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Doctor Who for the grown-ups (1980)

1980-01-24 Age.jpg


  • Publication: The Age
  • Date: 1980-01-24
  • Author: Brian Courtis
  • Page: 2
  • Language: English

THERE has long been whispering about a series of super-scary, adults-only 'Dr. Who' programmes which once sampled and enjoyed, the ABC had tucked away from sensitive eyes and ears.

Since the comfortably traditional horror of 'Dr. Who' has tended to unnerve more parents than it has youngsters, the rumors were intriguing.

After all, how could the creators of the Time Lords possibly come up with something that was too shocking for kids who take a happily morbid interest, nay delight, in scaly aliens, cranky computers, and loquacious giant cucumbers?

Well, there was some foundation for the talk. A BBC series made in 1975 was submitted to the censor and rejected on the grounds that the storyline and content were unsuitable for our children.

The ABC took their problem back to the Beeb who agreed to edit the series into one hour-long programme for Australia's grown-ups.

'Dr. Who: The Brain of Morbius'. on Channel 2 at 9.30 tonight, is the result: a Frankenstein parody in which Tom Baker fights to keep his head on a desolate, evil planet called Karn.

Robyn Bland's story involves the slightly warped Dr. Solon (Philip Madoc), a humanoid who is trying to patch together a Time Lord, Morbius, atomised for criminal behavior in the past.

When Dr. Who drops ins with assistant Sarah Jane Smith, his curls look just the thing to top off Solon's monster.

But Morbius, a glowing brain bubbling away in a jar of green Palmolive dish.; washing liquid, doesn't get away clean.

Solon's assistant, a one-armed dolt who changes sides when he discovers his missing limb on the moni ster, and some peculiar pink harpies called The Sisterhood help our hero sort the galactic mess out!

When he was in Melbourne recently, sans Tar dis, Tom Baker talked about the attractions of working on the series; talked about how much fun the cast had hamming it up on the set.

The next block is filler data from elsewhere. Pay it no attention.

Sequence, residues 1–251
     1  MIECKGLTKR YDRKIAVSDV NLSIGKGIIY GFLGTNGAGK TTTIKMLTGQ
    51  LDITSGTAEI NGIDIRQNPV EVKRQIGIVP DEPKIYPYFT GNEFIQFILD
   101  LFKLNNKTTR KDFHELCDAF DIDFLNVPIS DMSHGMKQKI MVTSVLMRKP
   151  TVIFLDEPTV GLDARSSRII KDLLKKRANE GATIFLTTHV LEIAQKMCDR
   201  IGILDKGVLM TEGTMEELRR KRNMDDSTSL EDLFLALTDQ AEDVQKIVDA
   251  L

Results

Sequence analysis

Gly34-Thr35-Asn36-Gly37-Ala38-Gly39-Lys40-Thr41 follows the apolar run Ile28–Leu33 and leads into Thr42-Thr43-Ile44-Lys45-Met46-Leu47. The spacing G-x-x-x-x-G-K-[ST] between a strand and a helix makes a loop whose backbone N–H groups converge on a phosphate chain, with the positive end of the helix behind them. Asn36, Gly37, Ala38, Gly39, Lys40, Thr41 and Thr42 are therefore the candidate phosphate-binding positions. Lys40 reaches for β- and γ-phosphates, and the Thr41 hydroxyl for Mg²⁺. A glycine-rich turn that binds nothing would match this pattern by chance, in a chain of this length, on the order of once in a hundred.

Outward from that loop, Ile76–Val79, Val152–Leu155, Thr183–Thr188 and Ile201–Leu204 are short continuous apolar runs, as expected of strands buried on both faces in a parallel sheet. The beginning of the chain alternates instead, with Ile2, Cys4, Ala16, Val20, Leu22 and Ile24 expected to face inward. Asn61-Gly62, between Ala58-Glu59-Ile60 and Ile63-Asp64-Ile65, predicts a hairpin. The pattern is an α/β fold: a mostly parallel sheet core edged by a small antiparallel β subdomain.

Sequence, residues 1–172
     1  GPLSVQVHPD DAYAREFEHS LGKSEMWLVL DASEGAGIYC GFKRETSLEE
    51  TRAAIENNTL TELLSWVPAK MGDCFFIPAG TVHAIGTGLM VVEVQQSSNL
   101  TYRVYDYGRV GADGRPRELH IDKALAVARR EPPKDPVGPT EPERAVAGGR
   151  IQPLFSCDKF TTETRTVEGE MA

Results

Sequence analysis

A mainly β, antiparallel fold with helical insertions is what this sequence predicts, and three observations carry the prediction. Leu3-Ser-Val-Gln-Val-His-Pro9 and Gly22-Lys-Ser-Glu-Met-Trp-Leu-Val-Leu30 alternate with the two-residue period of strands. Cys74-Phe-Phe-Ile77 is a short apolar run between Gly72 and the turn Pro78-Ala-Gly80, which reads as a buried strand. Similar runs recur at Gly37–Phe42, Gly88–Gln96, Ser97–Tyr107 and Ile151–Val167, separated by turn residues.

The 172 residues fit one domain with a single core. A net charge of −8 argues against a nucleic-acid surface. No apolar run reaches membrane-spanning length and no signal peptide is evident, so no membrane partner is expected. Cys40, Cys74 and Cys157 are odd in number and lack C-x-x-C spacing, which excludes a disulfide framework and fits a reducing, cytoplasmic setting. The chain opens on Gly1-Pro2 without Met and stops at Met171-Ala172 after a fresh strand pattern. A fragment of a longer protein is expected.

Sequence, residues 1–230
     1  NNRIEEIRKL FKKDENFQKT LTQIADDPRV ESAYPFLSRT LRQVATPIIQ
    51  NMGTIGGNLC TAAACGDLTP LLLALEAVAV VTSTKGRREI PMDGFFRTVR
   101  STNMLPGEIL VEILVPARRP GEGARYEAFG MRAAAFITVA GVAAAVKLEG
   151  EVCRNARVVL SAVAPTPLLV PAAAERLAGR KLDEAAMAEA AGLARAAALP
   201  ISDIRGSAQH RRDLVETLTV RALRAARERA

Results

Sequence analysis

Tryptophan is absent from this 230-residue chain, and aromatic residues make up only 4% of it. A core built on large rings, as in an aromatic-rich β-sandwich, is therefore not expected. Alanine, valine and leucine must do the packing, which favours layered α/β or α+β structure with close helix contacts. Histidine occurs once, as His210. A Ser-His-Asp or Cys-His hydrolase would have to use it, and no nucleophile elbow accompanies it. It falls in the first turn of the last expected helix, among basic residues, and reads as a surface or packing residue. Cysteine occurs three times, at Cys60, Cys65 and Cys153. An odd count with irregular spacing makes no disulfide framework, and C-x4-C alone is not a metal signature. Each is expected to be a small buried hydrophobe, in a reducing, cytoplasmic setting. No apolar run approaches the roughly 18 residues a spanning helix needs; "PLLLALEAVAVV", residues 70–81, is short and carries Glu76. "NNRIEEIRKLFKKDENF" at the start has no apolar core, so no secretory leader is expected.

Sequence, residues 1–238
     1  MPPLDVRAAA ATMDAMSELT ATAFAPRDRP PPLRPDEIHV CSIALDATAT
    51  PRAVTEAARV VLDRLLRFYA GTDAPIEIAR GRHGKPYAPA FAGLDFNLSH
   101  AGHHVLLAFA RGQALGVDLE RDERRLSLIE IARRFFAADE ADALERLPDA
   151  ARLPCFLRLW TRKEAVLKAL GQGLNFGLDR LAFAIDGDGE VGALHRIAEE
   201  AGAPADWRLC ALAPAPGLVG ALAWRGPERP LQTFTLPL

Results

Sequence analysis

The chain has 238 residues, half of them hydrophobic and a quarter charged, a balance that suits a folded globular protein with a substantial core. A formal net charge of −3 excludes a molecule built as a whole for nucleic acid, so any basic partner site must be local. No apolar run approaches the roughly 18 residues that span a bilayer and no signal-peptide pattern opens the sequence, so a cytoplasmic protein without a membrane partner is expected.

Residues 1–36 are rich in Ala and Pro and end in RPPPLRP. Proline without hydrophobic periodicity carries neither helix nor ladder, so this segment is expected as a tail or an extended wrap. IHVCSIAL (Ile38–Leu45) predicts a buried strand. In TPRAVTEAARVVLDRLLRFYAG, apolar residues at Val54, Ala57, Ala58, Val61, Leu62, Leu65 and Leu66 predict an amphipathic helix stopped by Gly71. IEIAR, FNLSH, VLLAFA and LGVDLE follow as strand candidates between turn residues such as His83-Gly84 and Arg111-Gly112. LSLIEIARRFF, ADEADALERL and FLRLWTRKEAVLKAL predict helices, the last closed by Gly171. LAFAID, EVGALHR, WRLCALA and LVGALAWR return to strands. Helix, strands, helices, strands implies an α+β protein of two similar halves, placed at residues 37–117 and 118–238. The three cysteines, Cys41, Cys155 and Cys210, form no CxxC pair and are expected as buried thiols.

You can see what he means in tonight's programme. Watch the scene, in which he tells The Sisterhood that "this wrecking of space-ships has got to stop" and you may catch him breaking up, laughing at the nonsense of it all. •

'The Brain' is packed with the pseudo-scientific mumbo-jumbo that all true Dr. Who fans have come to, enjoy, and visual effects de, signer John Horton has had a ball.

One thing to remember, however, is that tonight's show is not kid's stuff. Should you be of nervous disposition, you won't have the youngsters to turn to.

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  • APA 6th ed.: Courtis, Brian (1980-01-24). Doctor Who for the grown-ups. The Age p. 2.
  • MLA 7th ed.: Courtis, Brian. "Doctor Who for the grown-ups." The Age [add city] 1980-01-24, 2. Print.
  • Chicago 15th ed.: Courtis, Brian. "Doctor Who for the grown-ups." The Age, edition, sec., 1980-01-24
  • Turabian: Courtis, Brian. "Doctor Who for the grown-ups." The Age, 1980-01-24, section, 2 edition.
  • Wikipedia (this article): <ref>{{cite news| title=Doctor Who for the grown-ups | url= | work=The Age | pages=2 | date=1980-01-24 | via=Doctor Who Cuttings Archive | accessdate=23 March 2019 }}</ref>
  • Wikipedia (this page): <ref>{{cite web | title=Doctor Who for the grown-ups | url= | work=Doctor Who Cuttings Archive | accessdate=23 March 2019}}</ref>